IU Cinema, UITS partnership benefits independent filmmakers, university

Renowned filmmaker and director Werner Herzog is one of the first to benefit from a new collaboration at Indiana University.

IU Cinema and the university’s Advanced Visualization Lab worked together to create what’s referred to in the industry as a “digital cinema package” for three of Herzog’s films. A digital cinema package — or “DCP” for short — essentially packages and stores a film’s audio, image and data information on a hard drive. It doesn’t degrade like actual film, and is easier to ship and store.

Such packages are important in the industry because, by the end of 2012, an estimated 80 percent of all movie screens in the U.S. will use only digital equipment, limiting the projection of light through celluloid film to a shrinking minority of theaters. That means filmmakers have to keep up with technology in order to see their work on the big screen.

Advanced Visualization Lab arts and media team leader Chris Eller with the “beastly” machine he uses to create digital cinema packages in cooperation with IU Cinema.

Creation of DCPs for large studios and films is generally contracted to big-time industry names such as Technicolor or Deluxe, and can cost thousands of dollars. But the partnership between IU Cinema and the Advanced Visualization Lab means IU can now create digital cinema packages for independent filmmakers, saving them money while simultaneously generating goodwill for the university.

The men behind the curtain are IU Cinema director Jon Vickers and Chris Eller, leader of the advanced digital arts and media team within University Information Technology Services’ Advanced Visualization Lab.

A few months ago, Vickers approached Werner Herzog Film Produktion about helping it create DCPs after learning the company was in the process of restoring six of Herzog’s films for a European BluRay release. He and Eller had already ironed out the technology by creating digital cinema packages for IU student filmmakers — including those who studied 3D film production under Eller — and knew they could do the work for Herzog.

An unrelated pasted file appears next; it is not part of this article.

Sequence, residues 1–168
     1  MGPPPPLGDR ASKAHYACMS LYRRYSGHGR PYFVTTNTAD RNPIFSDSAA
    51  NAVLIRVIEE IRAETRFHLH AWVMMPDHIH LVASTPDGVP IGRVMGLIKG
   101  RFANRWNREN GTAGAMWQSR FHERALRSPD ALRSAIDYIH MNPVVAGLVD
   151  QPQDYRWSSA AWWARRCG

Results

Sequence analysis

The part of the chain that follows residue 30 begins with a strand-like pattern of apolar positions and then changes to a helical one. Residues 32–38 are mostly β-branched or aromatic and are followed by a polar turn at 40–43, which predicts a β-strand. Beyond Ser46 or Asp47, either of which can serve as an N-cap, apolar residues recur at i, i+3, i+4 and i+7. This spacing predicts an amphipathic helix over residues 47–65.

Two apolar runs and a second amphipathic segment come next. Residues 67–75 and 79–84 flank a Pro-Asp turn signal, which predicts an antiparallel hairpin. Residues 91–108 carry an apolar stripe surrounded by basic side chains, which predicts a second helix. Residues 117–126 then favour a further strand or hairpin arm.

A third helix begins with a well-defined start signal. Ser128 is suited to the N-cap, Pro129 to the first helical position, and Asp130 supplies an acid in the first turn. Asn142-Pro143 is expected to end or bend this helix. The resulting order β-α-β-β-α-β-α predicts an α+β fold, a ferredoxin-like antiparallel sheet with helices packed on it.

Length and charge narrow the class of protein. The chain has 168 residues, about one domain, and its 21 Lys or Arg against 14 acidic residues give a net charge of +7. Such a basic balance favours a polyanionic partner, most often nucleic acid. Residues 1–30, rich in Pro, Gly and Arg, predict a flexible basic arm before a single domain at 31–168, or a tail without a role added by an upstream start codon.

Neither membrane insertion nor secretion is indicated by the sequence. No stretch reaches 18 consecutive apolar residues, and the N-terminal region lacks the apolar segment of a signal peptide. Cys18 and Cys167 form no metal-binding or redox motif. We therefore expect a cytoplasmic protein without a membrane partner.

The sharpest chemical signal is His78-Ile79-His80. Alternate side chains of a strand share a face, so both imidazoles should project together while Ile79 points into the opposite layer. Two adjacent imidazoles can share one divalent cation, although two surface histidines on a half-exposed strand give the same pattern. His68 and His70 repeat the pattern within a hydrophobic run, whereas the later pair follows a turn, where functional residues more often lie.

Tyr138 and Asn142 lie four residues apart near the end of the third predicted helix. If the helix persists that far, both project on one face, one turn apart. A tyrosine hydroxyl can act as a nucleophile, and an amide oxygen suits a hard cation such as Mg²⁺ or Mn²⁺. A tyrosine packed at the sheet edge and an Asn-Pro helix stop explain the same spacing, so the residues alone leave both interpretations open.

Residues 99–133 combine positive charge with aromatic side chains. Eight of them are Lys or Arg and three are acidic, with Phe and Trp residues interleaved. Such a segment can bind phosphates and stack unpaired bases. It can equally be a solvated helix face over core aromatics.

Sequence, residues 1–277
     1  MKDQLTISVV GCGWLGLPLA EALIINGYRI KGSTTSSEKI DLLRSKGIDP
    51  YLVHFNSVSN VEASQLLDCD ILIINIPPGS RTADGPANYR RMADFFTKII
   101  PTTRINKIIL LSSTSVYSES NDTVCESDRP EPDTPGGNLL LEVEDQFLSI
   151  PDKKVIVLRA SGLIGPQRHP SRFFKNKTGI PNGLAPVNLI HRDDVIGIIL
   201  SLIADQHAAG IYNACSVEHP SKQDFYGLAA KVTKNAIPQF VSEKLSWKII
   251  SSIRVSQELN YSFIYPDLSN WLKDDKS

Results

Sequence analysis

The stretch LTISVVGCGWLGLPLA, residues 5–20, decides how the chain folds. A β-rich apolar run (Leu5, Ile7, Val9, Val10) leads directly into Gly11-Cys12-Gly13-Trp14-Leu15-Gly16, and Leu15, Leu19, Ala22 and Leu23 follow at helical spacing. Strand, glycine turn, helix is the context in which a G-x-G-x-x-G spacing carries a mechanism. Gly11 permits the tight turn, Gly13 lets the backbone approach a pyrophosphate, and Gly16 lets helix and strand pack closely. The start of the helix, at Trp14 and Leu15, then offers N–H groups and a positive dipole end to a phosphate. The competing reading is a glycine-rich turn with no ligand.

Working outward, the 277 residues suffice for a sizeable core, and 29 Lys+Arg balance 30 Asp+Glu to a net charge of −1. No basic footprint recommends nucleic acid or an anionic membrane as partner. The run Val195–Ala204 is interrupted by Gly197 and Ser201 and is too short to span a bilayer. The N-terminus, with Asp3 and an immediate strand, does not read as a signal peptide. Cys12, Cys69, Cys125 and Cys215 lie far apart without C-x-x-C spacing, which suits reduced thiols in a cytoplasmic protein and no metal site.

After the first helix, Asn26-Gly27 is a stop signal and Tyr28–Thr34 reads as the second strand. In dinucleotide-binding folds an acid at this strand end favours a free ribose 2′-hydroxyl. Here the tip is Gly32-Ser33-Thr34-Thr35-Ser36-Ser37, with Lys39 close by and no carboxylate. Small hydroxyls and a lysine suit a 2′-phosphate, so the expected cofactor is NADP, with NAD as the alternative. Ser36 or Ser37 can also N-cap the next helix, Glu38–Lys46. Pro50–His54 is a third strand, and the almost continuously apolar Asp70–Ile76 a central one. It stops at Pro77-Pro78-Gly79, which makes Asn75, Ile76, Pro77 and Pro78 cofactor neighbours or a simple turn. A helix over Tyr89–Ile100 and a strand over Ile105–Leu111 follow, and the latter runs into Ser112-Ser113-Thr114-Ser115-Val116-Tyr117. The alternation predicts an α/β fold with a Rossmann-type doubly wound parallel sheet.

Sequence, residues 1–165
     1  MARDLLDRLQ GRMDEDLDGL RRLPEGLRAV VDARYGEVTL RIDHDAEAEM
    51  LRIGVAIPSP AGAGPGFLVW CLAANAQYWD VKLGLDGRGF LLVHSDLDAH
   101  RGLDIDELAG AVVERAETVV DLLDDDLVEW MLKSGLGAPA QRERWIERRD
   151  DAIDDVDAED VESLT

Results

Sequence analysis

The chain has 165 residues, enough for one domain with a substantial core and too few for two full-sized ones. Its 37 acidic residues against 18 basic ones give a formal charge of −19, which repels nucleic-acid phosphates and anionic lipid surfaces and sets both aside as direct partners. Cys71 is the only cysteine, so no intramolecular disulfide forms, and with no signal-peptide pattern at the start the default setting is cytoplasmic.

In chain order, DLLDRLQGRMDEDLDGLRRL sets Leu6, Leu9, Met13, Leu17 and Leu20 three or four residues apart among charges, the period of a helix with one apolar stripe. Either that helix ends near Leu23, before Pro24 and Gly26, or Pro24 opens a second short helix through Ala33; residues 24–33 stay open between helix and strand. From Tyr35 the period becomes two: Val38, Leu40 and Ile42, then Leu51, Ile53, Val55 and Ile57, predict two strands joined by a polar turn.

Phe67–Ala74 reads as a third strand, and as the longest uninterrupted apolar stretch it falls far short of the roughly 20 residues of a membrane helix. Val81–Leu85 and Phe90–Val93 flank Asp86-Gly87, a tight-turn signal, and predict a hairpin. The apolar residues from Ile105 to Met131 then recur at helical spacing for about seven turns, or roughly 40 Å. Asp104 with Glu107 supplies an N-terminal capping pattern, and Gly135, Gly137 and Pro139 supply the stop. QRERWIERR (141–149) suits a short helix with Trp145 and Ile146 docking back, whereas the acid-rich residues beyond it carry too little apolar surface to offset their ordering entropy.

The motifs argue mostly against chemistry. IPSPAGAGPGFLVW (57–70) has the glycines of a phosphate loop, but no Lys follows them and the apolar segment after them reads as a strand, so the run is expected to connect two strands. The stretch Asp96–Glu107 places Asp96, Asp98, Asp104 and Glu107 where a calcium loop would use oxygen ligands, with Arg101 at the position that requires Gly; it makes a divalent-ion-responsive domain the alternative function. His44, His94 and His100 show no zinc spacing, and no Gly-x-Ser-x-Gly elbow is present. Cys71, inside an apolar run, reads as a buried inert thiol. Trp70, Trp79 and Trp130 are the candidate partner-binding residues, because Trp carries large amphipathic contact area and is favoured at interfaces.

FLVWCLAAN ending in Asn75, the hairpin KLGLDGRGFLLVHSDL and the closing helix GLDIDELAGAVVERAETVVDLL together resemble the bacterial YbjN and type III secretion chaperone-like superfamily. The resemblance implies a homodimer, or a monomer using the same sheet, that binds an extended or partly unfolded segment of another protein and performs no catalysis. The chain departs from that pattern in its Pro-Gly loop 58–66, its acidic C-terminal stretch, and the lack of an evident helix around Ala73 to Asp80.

“I knew immediately this would be a perfect opportunity for us,” Vickers said. “There were no plans for creating DCPs for these titles. Our offer was met with a little trepidation mixed with much enthusiasm and gratitude.”

IU generated a dozen digital cinema packages in both German and English for three Herzog films: “Fitzcarraldo,” “Nosferatu the Vampyre” and “Aguirre, Wrath of God.”

“It’s like peeking behind the curtain,” said Eller, who did much of the work to package Herzog’s films himself. “You really get a sense of these filmmakers’ efforts. It’s not the files, but what the files represent. And when somebody is successful in storytelling, we can say we played a role.”

The end result of working with Herzog on this behind-the-scenes project? “A very pleased and vocal filmmaker who is willing to spread goodwill about Indiana University,” Vickers said.

The relationship between IU Cinema and the Advanced Visualization Lab will also benefit the university community in other ways. Eller’s team plans to begin creating digital cinema packages for old and damaged films identified by IU’s Media Preservation Initiative, an effort that began in 2009 to identify, document and preserve the more than 500,000 audio, video and film items housed on the Bloomington campus. Those films can then be screened at IU Cinema.

“Many of the films they’re preserving are very fragile, and have experienced shrinkage,” Eller said, pointing out that such deterioration means print film cannot be played back without becoming seriously damaged. “Indiana University is a teaching institution, and to teach, you need to preserve. Film degenerates every time you play it, and DCPs don’t.”

Meanwhile, Vickers said, he’ll be keeping his eyes open for other chances to help independent filmmakers.

“We’ll continue to seek similar opportunities in the industry, as long as it remains ‘on mission’ for the cinema and our campus partners,” he said. “These strategies not only provide excellent opportunities for national exposure, they also build lasting relationships with the filmmakers and small production companies.”

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